Tracker Mortgage Costing Banks Money

| March 23, 2011 | 3 Comments

From The  Irish Independent .

MORTGAGE lenders are losing money on most tracker mortgages as they are costing them more to fund than they are receiving in interest income.

Around 400,000 people have tracker mortgages, with some paying rates as low as 0.75pc above the European Central Bank rate (ECB). The deal with a tracker is that it ‘tracks’ the ECB and will rise or fall by a set percentage only when the ECB rate moves.

Most tracker holders pay a margin of between 1pc and 1.25pc above the ECB rate. The margin was set when they drew down their mortgage

Mortgage Rates March 2011 Click here to compare your mortgage rate with current Market Rates.

Banks have to constantly replenish their funds.

But Permanent TSB and other Irish banks are unable to borrow in wholesale money markets and are surviving on emergency funding from the ECB, customer deposits and short and long-term funding.

Davy Stockbroker analyst Emer Lang said the Permanent’s overall costs of funds was 1.8pc, but this was being kept artificially low by emergency funding from the ECB.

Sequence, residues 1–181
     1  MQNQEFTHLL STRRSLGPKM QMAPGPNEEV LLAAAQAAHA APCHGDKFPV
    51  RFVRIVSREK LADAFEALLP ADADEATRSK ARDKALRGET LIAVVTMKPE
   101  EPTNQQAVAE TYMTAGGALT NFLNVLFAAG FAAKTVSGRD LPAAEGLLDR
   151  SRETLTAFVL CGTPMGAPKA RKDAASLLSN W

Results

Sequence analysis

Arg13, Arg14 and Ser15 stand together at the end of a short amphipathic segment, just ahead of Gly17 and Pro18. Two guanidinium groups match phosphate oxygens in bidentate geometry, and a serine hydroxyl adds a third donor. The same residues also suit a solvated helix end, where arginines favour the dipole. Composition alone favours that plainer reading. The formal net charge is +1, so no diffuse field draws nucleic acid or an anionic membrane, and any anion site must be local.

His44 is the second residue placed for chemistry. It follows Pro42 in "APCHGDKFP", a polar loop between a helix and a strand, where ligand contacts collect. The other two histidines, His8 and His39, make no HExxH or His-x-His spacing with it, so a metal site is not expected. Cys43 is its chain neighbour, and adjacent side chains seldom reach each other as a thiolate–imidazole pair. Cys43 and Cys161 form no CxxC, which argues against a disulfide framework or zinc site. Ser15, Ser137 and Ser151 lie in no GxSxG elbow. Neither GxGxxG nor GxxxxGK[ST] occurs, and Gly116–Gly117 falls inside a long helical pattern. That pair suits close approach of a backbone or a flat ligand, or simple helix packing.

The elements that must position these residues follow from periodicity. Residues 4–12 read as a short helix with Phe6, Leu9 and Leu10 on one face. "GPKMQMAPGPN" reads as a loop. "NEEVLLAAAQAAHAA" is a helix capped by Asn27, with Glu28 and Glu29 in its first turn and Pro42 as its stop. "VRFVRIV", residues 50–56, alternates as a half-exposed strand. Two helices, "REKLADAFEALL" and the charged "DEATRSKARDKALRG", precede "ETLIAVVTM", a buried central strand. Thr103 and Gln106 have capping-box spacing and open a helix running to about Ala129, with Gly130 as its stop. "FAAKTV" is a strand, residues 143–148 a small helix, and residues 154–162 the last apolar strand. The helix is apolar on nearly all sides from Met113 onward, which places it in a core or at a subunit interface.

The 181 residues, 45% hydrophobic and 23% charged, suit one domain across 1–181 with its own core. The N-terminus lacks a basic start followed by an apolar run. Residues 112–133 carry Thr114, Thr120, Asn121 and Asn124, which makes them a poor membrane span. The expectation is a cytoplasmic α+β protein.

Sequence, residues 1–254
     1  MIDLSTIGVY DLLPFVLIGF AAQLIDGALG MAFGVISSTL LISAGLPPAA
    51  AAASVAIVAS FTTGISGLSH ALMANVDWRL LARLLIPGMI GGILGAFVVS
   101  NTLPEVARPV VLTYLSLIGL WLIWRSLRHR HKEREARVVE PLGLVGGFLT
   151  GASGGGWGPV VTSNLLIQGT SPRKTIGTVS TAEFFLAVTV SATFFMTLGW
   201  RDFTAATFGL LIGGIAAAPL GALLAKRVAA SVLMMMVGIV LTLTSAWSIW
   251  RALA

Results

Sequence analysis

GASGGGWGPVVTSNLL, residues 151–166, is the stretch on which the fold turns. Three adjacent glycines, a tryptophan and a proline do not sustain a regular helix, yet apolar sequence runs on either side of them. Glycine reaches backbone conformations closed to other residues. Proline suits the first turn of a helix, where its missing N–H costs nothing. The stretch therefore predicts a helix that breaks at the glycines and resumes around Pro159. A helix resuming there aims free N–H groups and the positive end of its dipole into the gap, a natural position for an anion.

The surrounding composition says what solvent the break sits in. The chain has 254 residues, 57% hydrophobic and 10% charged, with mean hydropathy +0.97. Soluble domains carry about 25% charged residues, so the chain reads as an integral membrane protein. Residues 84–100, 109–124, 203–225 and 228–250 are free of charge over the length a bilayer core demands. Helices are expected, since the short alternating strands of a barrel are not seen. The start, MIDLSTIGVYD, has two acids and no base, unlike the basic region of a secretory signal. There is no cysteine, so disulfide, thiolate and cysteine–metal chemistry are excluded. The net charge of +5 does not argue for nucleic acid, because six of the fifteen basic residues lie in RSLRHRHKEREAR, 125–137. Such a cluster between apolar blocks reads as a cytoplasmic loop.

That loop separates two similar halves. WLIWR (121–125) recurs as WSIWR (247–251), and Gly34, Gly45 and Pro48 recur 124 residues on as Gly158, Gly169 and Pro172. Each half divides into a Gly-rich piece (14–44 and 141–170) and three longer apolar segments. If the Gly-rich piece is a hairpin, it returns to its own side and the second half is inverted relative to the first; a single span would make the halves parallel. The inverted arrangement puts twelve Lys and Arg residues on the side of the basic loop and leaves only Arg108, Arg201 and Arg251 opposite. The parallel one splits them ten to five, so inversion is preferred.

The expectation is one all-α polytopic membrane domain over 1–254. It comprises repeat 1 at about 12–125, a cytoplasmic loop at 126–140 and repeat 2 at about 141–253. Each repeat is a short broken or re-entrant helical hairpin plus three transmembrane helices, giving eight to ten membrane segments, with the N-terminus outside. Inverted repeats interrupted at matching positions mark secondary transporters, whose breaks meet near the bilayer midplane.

If the bank was able to raise funds in the market it would be forced to pay around 4pc, Ms Lang said.

Trackers represent 60pc of AIB, Bank of Ireland and Permanent TSB’s total portfolios. Banks have found that such contracts are watertight for the borrower.

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Filed Under: Mortgage News


  1. Sheila says:

    Very good article and link to mortgage interest rates is very useful

  2. laura says:

    interest rate comparsion very useful

  3. Greg says:

    But are the banks not able to avail of the ECB interbank facilities which provide funds at 1%, my understanding is that the ECB have provided 150B of these funds already (and why they are anxios to get it back)

    Since the banks can borrow at 1%, how can a tracker mortgage which is based on the 1% with a profit margin on top be losing them money?

    This is purely an attempt to blame the tracker holders for the banks problems and enginerr a way for the state to allow thae banks to renage on those contracts. The losses being suffered could just as simply be attributed to other parts.

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